In the months following 9/11, Karen Calder searched for a way to better serve her community. One day, she read a feasibility study about a new project called Classroom Central, a proposed nonprofit aimed at providing school supplies to children living in poverty. The study moved her to tears.
“I knew if they offered me the job, I had to take it,” said Calder, the executive director of the Charlotte, North Carolina, nonprofit. “This was an opportunity to do something meaningful for my community. It’s about helping children in a way that lifts them up and helping teachers, people doing noble work who receive little support or monetary reward. Classroom Central is a place of love and care and support for these teachers and that radiates out into their classrooms.”
With Calder at the helm—she led the organization from 2002 to 2009, and returned in 2015—Classroom Central has blossomed. The organization now serves 192 Charlotte-area schools in six districts. Last year, it supplied children with $50 million worth of school supplies through programs such as the Free Store and Backpacks & Basics.
Tell us a little bit about yourself.
I graduated with an English degree and planned to be a high school English teacher. I come from a family of educators and tried student teaching at a high-needs school, but I found it wasn’t for me. I wound up doing marketing and sales for for-profit companies before finding my way to the Charlotte Chamber of Commerce. It was there that I started to learn about the inner workings of my community.
How did you find Classroom Central?
Classroom Central kind of found me. Through my work with the Charlotte Chamber of Commerce in 2002, I heard a lot about it in our staff meetings. Eventually I was asked if I was interested in interviewing for the executive director role. I had never envisioned myself working for a nonprofit organization. It was the greatest leap of faith I’d ever taken in my career.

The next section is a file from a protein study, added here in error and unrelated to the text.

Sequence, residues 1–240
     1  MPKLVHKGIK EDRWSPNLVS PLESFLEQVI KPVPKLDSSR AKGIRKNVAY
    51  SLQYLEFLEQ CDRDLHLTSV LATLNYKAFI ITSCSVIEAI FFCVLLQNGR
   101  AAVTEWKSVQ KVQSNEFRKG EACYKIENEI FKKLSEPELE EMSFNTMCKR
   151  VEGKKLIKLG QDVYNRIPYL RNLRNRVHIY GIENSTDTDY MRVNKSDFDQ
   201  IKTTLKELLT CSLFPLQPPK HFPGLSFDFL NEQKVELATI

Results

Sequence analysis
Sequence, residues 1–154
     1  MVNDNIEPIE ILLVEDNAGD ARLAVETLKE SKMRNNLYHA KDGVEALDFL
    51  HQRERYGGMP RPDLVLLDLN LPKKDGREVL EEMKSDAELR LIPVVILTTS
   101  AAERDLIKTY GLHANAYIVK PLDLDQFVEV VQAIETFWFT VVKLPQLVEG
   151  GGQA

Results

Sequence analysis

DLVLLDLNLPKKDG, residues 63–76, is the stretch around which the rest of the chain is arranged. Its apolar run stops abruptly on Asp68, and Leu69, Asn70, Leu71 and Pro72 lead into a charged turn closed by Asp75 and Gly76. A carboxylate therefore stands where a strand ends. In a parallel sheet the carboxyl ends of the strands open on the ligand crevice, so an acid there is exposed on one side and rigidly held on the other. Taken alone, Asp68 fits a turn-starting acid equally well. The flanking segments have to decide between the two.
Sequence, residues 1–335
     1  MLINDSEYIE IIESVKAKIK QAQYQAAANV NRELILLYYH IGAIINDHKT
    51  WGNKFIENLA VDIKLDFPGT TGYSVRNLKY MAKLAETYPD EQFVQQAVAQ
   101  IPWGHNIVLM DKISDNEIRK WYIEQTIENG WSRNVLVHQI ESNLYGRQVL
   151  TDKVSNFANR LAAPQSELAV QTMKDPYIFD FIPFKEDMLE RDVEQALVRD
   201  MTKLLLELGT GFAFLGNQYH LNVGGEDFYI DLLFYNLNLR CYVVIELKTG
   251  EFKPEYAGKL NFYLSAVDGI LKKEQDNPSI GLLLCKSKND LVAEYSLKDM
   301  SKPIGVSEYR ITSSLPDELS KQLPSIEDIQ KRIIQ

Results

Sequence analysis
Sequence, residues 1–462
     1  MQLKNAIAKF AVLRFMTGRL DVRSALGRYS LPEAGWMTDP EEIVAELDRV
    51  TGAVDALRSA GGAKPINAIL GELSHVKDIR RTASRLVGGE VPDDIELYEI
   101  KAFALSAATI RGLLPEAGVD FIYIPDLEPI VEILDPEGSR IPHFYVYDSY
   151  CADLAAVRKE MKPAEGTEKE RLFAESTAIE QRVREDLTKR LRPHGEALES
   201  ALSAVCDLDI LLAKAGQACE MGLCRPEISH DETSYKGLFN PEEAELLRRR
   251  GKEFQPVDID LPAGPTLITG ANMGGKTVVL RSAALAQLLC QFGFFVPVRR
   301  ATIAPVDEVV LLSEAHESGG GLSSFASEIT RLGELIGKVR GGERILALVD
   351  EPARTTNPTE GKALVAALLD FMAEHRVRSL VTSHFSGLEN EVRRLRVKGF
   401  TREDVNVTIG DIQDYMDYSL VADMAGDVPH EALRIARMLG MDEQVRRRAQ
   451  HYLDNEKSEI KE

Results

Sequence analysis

What were the early days like at Classroom Central?
We started with five donors, 12 volunteers, a really good idea and a logo. That was it. We didn’t have a facility to work out of. We had no full-time employees. I had to take a salary cut to do the work. But I knew this was a great idea that would fulfill a huge need in our community. I knew that with a lot of hard work, we could make it a success. I signed a lease on a building, and the community really stepped up. A lot of the work done to the building was done through in-kind donations from our general contracting and construction communities.
In October 2002, the Free Store opened. How does that work, and how do you stock it with supplies?
The Free Store allows educators from qualifying high-needs schools to make an appointment to shop for free school supplies. When we open our doors to teachers from 36 schools, they can shop our store as they would any other store, except everything is free. On average, teachers spend $500 to $1,000 of their own money to outfit their students and classrooms every year. The average income of a first-year teacher here is $35,000. We don’t think that’s fair.
Companies like Domtar—a major donor—provide paper, pencils and all the basics. We also work with the Kids in Need Foundation to procure donations from large, national chain stores. We host school-supply drives and collect donations at sites across the Charlotte area. We also solicit donations from local businesses.
How has Classroom Central grown?
The Free Store is our flagship program. But we now also do Backpacks & Basics, which supplies children from schools that have 100 percent free and reduced lunch populations. There are 22 schools in our area that fit that criterion. These kids are foster children, homeless or in a home earning less than $25,000 per year. Last year, we served 6,300 children from 10 schools through this program.
We also operate a mobile Free Store that takes truckloads of supplies to outlying districts to bring these benefits to them. And then we have Classroom Up, a web-based Free Store where teachers can order the supplies they need and have them delivered. I’m pleased to say we now have seven full-time employees and three part-time employees — a big difference from the early days of Classroom Central.
How do you hope to make a difference?
By equipping teachers to affect students’ lives, I really do feel like I am making a difference through Classroom Central. It’s a beautifully simple mission, but the lasting effects are impactful. While it looks on the surface like just pencils and crayons, what we’re really doing is helping our children be successful emotionally, academically and socially. I count my lucky stars every day that I get to be a part of it.